Analysis Of The Poem ' Liberty ' By Emma Lazarus

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"Give me your tired, your poor,
Your huddled masses yearning to breathe free,
The wretched refuse of your teeming shore.
Send these, the homeless, tempest-tost to me,
I lift my lamp beside the golden door!" (Statue of Liberty)
This poem by Emma Lazarus has been proudly emblazoned on the Statue of Liberty for more than 130 years and for many of those years had been one of the first things that immigrants coming to the United States of America saw on their journey in search of a better life. This poem has long reflected the best America has had to offer immigrants, an unadulterated hope for their future. America has always liked to fashion itself as a beacon of hope in a dark world for people of all nations, races, and religions in
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This was especially true when most immigrants at that time were primarily white and fleeing for similar religious freedoms found in fledgling America. With such a largely similar group there were few culture clashes amongst these immigrants or those that had begun to establish themselves around the United States at the time.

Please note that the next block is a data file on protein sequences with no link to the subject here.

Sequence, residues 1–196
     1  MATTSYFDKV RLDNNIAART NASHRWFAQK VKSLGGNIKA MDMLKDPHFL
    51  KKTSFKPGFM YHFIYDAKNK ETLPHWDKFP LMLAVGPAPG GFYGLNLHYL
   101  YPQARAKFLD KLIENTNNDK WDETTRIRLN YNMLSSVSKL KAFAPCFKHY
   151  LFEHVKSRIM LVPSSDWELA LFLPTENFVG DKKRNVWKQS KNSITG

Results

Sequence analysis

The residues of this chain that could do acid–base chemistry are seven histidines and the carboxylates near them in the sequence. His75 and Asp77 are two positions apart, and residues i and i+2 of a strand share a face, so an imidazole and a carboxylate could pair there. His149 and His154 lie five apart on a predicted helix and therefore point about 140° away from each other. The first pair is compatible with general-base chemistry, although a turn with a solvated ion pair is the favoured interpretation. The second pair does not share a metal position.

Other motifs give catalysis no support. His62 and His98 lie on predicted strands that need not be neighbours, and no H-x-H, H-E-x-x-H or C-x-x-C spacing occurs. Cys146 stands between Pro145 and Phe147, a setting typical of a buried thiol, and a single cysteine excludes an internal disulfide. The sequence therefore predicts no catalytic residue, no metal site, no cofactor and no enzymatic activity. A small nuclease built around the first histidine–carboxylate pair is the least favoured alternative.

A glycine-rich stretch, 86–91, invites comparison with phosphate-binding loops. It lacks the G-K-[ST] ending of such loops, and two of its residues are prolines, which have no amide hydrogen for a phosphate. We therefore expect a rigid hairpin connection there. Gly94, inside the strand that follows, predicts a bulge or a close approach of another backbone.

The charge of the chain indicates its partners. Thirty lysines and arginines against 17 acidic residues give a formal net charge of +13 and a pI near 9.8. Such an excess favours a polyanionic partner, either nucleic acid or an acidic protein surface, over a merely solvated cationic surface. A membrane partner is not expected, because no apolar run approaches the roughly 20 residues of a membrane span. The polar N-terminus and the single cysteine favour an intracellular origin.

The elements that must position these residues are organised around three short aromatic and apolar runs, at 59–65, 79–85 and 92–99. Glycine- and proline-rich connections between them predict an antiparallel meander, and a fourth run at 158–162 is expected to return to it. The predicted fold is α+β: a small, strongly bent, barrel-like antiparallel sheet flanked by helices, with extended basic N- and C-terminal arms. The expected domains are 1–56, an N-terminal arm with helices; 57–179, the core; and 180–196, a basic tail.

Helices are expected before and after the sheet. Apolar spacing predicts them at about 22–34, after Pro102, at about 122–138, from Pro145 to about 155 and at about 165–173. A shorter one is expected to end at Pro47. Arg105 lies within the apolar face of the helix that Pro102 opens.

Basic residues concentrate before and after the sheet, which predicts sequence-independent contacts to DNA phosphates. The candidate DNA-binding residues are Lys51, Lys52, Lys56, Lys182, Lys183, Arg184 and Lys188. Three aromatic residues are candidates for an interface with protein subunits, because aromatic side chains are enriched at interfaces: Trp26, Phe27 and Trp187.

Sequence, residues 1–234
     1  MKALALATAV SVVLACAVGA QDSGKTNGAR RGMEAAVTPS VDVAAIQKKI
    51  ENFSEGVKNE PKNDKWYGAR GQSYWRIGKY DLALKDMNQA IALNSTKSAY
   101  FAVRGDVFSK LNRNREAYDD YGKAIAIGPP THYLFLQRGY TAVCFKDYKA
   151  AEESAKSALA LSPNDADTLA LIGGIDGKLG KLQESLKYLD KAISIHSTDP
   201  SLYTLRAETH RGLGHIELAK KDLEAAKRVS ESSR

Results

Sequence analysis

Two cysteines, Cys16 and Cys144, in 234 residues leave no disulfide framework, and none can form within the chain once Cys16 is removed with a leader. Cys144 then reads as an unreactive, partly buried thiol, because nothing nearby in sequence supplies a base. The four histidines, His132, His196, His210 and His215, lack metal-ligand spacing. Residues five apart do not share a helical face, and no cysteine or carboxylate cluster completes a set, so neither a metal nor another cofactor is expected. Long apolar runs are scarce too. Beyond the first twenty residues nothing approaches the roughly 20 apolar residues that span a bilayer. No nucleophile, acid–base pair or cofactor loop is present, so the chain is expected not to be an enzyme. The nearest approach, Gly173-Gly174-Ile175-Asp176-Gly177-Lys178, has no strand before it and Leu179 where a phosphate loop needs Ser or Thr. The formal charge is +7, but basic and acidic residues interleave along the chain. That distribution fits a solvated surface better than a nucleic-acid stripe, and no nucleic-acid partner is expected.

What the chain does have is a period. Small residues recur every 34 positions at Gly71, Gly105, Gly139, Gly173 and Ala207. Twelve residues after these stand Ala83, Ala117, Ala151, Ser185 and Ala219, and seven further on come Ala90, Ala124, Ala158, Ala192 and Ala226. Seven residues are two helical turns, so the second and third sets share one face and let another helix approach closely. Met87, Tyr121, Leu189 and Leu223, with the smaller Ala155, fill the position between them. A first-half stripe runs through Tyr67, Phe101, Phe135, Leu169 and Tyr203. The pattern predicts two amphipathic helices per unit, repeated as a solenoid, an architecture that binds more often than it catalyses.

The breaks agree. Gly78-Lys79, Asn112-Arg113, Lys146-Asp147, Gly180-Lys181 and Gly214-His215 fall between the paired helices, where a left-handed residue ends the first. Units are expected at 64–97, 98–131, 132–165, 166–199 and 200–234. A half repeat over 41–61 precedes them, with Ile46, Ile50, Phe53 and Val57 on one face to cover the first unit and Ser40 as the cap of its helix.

The start of the Second Wave of American Immigration can be traced to when backlash against immigrants truly began to take the form. It was at this time that people began subscribing to the Nativist ideology that favored people born on American soil over the new immigrants. This shift in perspective from the First to Second Wave of Immigration was due to the increased diversity of the incoming immigrant group that made up the Second Wave. Immigrants were now entering the country from places like China, Scandinavia, Ireland and Germany (Cunneen). These immigrants were introducing new languages and vastly different beliefs than those of the relatively similar First Wave group. With resentment of the new wave of immigrants and the perceived threat of the ‘Yellow Peril’ brought on by the high quantity of Chinese immigrants entering the country to fill low paying jobs like building the railroads and the religious threat of the Irish Catholics, tensions began to rise until formal actions were taken by the government. In 1882, Congress passed the Chinese Exclusion Act which stopped Chinese immigration. Racial prejudice

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